Prevalence and Incidence of Botulism food poisoning
Botulism food poisoning: Rare Disease
Botulism food poisoning is listed as a "rare disease" by the Office of
Rare Diseases (ORD) of the National Institutes of Health
(NIH). This means that Botulism food poisoning, or a subtype of Botulism food poisoning,
affects less than 200,000 people in the US population.
Ophanet, who are a consortium of European partners,
currently defines a condition rare when if affects 1 person per 2,000.
They list Botulism food poisoning as a "rare disease".
More information about Botulism food poisoning is available from Orphanet
Incidence (annual) of Botulism food poisoning:
154 annual cases notified in USA 1999 including 23 foodborne, 92 infant, and 39 other (MMWR 1999) ... see also overview of Botulism food poisoning.
approx 1 in 1,766,233 or 0.00% or 153 people in USA [Source statistic for calcuation: "154 annual cases notified in USA 1999 including 23 foodborne, 92 infant, and 39 other (MMWR 1999)" -- see also general information about data sources]
Incidence extrapolations for USA for Botulism food poisoning:
153 per year,
12 per month,
2 per week,
0 per day,
0 per hour,
0 per minute,
0 per second.
[Source statistic for calculation: "154 annual cases notified in USA 1999 including 23 foodborne, 92 infant, and 39 other (MMWR 1999)" -- see also general information about data sources]
Incidence of types of Botulism food poisoning:
For details see incidence of types of Botulism food poisoning analysis; summary of available incidence by type data:
Prevalance of Botulism food poisoning:
The incidence of the disease is low, but the disease is of considerable concern because of its high mortality rate if not treated immediately and properly. Most of the 10 to 30 outbreaks that are reported annually in the United States are associated with inadequately processed, home-canned foods, but occasionally commercially produced foods have been involved in outbreaks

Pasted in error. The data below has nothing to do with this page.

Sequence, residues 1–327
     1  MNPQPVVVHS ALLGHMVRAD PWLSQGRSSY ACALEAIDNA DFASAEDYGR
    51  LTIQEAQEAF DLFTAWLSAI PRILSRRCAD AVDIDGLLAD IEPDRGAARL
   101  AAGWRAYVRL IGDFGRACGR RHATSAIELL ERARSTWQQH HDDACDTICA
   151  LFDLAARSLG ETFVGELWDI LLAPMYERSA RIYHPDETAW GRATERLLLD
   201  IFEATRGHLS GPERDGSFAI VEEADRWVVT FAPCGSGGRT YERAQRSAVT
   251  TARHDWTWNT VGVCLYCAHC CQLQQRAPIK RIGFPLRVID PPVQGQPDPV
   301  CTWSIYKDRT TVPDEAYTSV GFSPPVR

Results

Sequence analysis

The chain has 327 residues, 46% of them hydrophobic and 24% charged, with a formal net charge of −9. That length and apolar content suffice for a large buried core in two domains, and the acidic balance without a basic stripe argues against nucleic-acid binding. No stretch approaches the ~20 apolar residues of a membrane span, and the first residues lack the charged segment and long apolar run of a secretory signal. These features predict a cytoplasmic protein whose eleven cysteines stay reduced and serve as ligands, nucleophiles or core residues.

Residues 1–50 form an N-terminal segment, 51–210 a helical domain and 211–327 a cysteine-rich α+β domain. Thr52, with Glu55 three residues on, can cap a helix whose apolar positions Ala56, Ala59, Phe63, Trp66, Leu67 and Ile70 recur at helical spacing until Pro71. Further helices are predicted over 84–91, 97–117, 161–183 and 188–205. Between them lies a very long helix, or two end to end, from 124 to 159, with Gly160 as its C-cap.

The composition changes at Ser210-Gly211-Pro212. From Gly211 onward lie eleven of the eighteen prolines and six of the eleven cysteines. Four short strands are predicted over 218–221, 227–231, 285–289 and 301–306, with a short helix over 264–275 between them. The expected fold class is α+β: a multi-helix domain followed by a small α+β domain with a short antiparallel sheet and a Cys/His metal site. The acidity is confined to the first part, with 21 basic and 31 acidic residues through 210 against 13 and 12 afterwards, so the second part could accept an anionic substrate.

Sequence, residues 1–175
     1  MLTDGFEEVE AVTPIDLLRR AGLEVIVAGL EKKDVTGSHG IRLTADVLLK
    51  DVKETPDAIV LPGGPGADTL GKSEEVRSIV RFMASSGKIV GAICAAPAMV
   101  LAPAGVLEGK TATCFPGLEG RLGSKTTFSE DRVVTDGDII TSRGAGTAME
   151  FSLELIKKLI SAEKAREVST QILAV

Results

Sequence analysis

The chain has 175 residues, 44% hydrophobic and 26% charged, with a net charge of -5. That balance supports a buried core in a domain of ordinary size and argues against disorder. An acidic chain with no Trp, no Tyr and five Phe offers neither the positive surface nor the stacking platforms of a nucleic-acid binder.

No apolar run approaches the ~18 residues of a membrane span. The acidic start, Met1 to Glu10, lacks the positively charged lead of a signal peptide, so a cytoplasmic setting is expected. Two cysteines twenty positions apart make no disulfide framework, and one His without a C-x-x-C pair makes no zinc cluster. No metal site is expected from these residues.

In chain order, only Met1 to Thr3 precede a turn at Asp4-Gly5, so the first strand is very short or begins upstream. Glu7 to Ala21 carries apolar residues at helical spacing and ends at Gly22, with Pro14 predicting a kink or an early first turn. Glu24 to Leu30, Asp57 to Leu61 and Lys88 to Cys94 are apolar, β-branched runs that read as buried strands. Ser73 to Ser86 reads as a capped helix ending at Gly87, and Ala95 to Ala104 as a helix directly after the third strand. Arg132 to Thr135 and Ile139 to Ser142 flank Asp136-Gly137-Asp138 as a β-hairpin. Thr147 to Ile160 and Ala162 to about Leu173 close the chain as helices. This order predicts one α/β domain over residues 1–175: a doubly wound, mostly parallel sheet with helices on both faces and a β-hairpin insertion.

(Source: FDA Bad Bug Book)
In the United States an average of 110 cases of botulism are reported
each year. Of these, approximately 25% are foodborne, 72% are
infant botulism, and the rest are wound botulism. Outbreaks of
foodborne botulism involving two or more persons occur most years
and usually caused by eating contaminated home-canned foods. The
number of cases of foodborne and infant botulism has changed little
in recent years, but wound botulism has increased because of the
use of black-tar heroin, especially in California. (Source: excerpt from Botulism General: DBMD)
In 1999, 174 cases of botulism were
reported to the CDC. Of these, 26 were foodborne, 107 were
infant botulism, and 41 were cases of wound botulism. (Source: excerpt from Botulism: DBMD)
Incidence of Botulism food poisoning:
The incidence of the disease is low, but the mortality rate is high if not treated immediately and properly. There are generally between 10 to 30 outbreaks a year in the United States.
(Source: FDA Bad Bug Book)
Outbreaks of Botulism food poisoning:
Two separate outbreaks of botulism have occurred involving commercially canned salmon. Restaurant foods such as sauteed onions, chopped bottled garlic, potato salad made from baked potatoes and baked potatoes themselves have been responsible for a number of outbreaks. Also, smoked fish, both hot and cold-smoke (e.g., Kapchunka) have caused outbreaks of type E botulism.